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RE: [Public WebGL] Defining GLintptr and GLsizeiptr as long long is incompatible with GLES2 on 32-bit systems



Oh, my bad, I had mistakenly thought that 1 << 31 would be positive in JS, which caused the odd negative size error messages I was getting. So there is after all support for >2GB buffers in current browsers. And I agree that these kinds of resource constraints would be atypical of JS. If browsers just report OUT_OF_MEMORY on 32bit architectures when trying to allocate a >2GB buffer, no spec changes are needed.

However, there's another issue: it's currently extremely easy to DOS Firefox with a bufferData call at least on Linux. Normal JS watchdog functionality doesn't seem to be catching the runaway allocation and initialization of N gigabytes of data to zero which the browser tries to pass to the GPU. You may try this, varying the amount of gigabytes allocated, but prepare to force kill the browser:

<html>
    <head>
        <script type="text/javascript">
            function main() {
                var gl = document.getElementById("c").getContext("webgl");
                if (!gl)
                    gl = document.getElementById("c").getContext("experimental-webgl");
 
                var buffer = gl.createBuffer();
                gl.bindBuffer(gl.ARRAY_BUFFER, buffer);
                var gigabytes = 4;
                gl.bufferData(gl.ARRAY_BUFFER, (1 << 30) * gigabytes, gl.STATIC_DRAW);
            }
        </script>
    </head>
    <body onload="main()">
        <canvas id="c" width="128" height="128"></canvas>
    </body>
</html>

Chrome suffers from some variations of this as well, though I didn't get it to become completely unresponsive on Linux like Firefox. The solution could be doing the initialization of the buffer in smaller pieces, and relying on the driver to report out of memory conditions when initially reserving the buffer, though I don't know to what extent all drivers can be trusted on this. On Linux it is also possible to use mmap to get a buffer of zeroes on the CPU side without doing any heap allocations.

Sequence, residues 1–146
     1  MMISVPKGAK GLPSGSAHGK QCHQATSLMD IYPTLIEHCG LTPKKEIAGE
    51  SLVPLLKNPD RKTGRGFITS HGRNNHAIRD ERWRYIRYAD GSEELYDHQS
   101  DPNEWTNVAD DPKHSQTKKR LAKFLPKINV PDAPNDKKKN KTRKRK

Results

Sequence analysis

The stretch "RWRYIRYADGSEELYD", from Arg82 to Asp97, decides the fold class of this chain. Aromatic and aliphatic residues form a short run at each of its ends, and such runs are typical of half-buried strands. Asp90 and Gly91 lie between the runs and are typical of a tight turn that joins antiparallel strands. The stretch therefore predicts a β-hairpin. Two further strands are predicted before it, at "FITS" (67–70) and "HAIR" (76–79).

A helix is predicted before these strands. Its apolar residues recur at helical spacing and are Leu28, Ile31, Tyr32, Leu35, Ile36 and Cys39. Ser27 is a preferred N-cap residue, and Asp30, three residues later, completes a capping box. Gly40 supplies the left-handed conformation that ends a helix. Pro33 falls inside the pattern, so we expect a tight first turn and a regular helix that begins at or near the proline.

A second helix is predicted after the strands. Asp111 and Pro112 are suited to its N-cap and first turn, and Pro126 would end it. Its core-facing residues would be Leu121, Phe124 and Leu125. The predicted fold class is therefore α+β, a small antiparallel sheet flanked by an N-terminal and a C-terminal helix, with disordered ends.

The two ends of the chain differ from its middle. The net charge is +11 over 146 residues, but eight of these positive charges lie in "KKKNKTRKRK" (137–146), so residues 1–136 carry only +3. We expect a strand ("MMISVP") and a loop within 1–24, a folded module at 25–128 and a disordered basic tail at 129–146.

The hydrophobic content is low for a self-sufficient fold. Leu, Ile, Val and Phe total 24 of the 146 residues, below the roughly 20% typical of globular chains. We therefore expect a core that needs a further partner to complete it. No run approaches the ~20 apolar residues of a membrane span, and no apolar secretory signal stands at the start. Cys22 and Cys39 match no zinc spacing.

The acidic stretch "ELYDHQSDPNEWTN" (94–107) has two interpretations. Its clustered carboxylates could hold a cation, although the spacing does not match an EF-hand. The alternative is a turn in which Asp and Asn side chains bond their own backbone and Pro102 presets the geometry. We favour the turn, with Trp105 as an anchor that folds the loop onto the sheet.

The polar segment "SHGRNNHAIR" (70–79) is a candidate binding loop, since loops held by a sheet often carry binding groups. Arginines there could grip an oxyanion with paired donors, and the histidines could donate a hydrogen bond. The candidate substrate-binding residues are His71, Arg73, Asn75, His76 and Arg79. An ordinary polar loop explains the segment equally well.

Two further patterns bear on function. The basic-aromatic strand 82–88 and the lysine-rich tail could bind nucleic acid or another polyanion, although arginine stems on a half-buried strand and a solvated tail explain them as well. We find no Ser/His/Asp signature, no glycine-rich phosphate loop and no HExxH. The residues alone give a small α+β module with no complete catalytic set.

-Olli
________________________________________
From: owner-public_webgl@khronos.org [owner-public_webgl@khronos.org] On Behalf Of Benoit Jacob [bjacob@mozilla.com]
Sent: Monday, September 02, 2013 5:46 PM
To: public_webgl@khronos.org
Subject: Re: [Public WebGL] Defining GLintptr and GLsizeiptr as long long is incompatible with GLES2 on 32-bit systems

On 13-09-02 10:18 AM, Benoit Jacob wrote:
> On 13-09-02 06:56 AM, Olli Etuaho wrote:
>> Hi all,
>>
>> WebGL defines GLintptr and GLsizeiptr to always be 64-bit, but in GLES2 they can actually be either 32-bit or 64-bit depending on the platform. And in practice Chrome and Firefox treat for example bufferData GLsizeiptr size parameter as 32-bit (tested on latest 64-bit stable versions on Linux).
> That sounds like an interesting bug, could you please provide a
> testcase? I'm looking at Gecko code now, WebGLContext::BufferData takes
> a WebGLintptr which is a typedef for int64_t, so I don't see a bug out
> of hand.
>
>>  It would seem like changing the spec to define pointer values as 32-bit would make sense for compatibility.
> That would indeed improve compatibility by preventing taking advantage
> of the extra memory available on 64-bit systems. But that's not really
> how everything else works; everything else not just in WebGL but
> generally around JavaScript allows taking advantage of all the memory
> available on the client system, e.g. you can create a TypedArray bigger
> than 4G.
My bad, the typed arrays spec actually says that the byteLength of an
ArrayBuffer is unsigned long, so the above example is wrong.

Still, many other things in the Web platform don't enforce a 4G byte
limit. For example, ordinary JS arrays can have 4G elements, which is
more than 4G bytes.

Benoit

>
> Benoit
>
>>  The obvious downside is that buffers would be limited to 2GB, but this should not at least break existing applications. Any potential practical application of >2GB buffers in WebGL is still probably years away as well. Should the spec be changed, or are there any other ideas how this could be handled?
>>
>> Reference below.
>>
>> WebGL spec:
>> typedef long long      GLintptr;
>> typedef long long      GLsizeiptr;
>>
>> WebIDL spec:
>> The long long type is a signed integer type that has values in the range [−9223372036854775808, 9223372036854775807].
>>
>> gl2.h:
>> typedef khronos_intptr_t GLintptr;
>> typedef khronos_ssize_t  GLsizeiptr;
>>
>> khrplatform.h (signed long int is typically 32-bit on 32-bit platforms, and typically 64-bit on 64-bit platforms):
>> typedef signed   long  int     khronos_intptr_t;
>> typedef signed   long  int     khronos_ssize_t;
>>
>> -Olli Etuahob����.����\����&�v�)��bs��Y!��貊�N�����r��zǧu�ޙ�������ݢj$��'��+����^~�e����&��݊{ay�ʇ��ޙ���{.n�+�����bs�gl==
>
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